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Aerial fireworks fill First Coast skies on July 4 despite ban

Duval bans them, but three other counties allow purchase with "agricultural" waiver

Posted: July 3, 2014 - 5:26pm  |  Updated: July 4, 2014 - 10:42am
 Fireworks sales in the Jacksonville, FL area have different rules depending on the county. Mortar shells (pictured) that shoot into the air, can be purchased in St. Johns but not in Duval or Nassau.
Bob.Mack@jacksonville.com
Fireworks sales in the Jacksonville, FL area have different rules depending on the county. Mortar shells (pictured) that shoot into the air, can be purchased in St. Johns but not in Duval or Nassau.
Fireworks that are fired into  the air are not sold in Duval or Nassau counties, but are available in Clay, Baker and St. Johns if an agricultural waiver is signed.    Bob.Mack  @jacksonville.com  Bob.Mack@jacksonville.com
Bob.Mack@jacksonville.com
Fireworks that are fired into the air are not sold in Duval or Nassau counties, but are available in Clay, Baker and St. Johns if an agricultural waiver is signed. Bob.Mack @jacksonville.com

First Coast area business news

It’s Independence Day’s wink-and-a-nod law across the First Coast.

Fireworks that go boom or fly through the air are illegal in Florida.

But drive around Duval County long enough these days and you’ll hear the unmistakable crack and pop of fireworks.

SEE ALSO: Plenty of places to see fireworks Friday night in the Jacksonville area

Under Florida law, it’s illegal to use fireworks anywhere unless they’re being used for agricultural purposes, such as scaring away birds or snakes. Sparklers or fireworks that do not explode or fly are legal.

AND: 4th of July events across the First Coast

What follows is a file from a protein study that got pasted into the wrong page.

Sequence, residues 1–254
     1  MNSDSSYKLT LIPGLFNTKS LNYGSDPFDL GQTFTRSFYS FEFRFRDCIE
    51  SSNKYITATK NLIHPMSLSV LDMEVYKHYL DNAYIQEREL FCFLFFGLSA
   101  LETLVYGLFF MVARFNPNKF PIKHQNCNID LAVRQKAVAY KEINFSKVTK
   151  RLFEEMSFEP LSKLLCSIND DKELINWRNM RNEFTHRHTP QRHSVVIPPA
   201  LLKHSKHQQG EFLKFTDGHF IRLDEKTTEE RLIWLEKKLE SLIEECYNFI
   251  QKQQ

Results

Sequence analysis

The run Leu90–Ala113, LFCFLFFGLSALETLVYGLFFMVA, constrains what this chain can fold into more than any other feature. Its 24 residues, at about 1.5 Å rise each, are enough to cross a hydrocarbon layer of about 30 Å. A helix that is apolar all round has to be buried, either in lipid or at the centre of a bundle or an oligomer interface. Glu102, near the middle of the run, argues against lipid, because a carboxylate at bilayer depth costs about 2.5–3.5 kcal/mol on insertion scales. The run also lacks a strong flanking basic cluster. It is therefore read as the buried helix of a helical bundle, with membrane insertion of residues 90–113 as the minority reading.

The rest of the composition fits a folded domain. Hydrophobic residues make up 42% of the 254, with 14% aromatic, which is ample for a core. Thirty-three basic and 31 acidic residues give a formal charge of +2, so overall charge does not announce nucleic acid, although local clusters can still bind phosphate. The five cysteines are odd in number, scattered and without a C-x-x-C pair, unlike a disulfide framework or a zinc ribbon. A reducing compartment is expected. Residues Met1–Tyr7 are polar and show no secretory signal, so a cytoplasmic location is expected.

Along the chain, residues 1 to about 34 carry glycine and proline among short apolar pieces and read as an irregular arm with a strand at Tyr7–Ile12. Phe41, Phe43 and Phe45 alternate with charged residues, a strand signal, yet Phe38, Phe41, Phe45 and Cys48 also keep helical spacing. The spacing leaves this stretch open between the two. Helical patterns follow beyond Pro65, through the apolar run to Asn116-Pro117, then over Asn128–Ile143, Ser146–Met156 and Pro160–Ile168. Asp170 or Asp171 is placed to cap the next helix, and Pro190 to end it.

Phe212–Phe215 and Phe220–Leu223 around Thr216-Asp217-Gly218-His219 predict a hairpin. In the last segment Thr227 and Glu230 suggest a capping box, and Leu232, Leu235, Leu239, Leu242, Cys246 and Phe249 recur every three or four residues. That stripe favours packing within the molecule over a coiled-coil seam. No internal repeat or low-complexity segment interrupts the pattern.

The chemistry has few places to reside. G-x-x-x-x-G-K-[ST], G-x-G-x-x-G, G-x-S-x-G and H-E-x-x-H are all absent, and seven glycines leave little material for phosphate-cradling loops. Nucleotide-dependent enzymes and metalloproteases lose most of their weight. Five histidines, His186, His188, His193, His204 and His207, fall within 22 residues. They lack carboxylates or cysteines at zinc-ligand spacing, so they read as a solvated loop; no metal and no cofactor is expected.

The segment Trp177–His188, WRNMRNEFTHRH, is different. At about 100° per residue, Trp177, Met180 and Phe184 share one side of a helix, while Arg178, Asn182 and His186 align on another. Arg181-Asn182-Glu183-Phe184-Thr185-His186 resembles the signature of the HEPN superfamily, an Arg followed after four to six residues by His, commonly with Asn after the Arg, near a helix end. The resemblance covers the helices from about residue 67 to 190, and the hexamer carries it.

In several counties, such as St. Johns, Baker and Clay counties, people can buy exploding flying fireworks only after signing a waiver saying they’re needed for agricultural use. Duval County does not allow such a waiver.

SLIDESHOW: 13 ridiculously-named fireworks

That means — thanks to the agricultural loophole — bottle rockets, mortars and fire crackers are just a quick drive over the county line for Jacksonville residents.

Even many First Coast residents who forgo lighting fuses don’t seem to mind.

“I have never had anyone complain to me as a council person about fireworks,” said Jacksonville City Councilman Matt Schellenberg. “People just expect it, and they live with it for the Fourth and sometimes days before.”

Councilman Bill Gulliford, a former Atlantic Beach mayor, said the spectacle of scores of people shooting off fireworks along the beach is as popular a draw as the professional show put on downtown.

“The entire beach just lights up,” he said. “The complaints over the years were very muted or limited.”

MIXED MESSAGE

Lawmakers have taken note that the ban coupled with the waiver loophole sends a mixed message to Floridians.

“It’s kind of arcane,” said State Rep. Lake Ray, R-Jacksonville, of the waiver law.

State House and Senate bills seeking to repeal the ban, placing fireworks regulations in the hands of local communities, died in committees this year.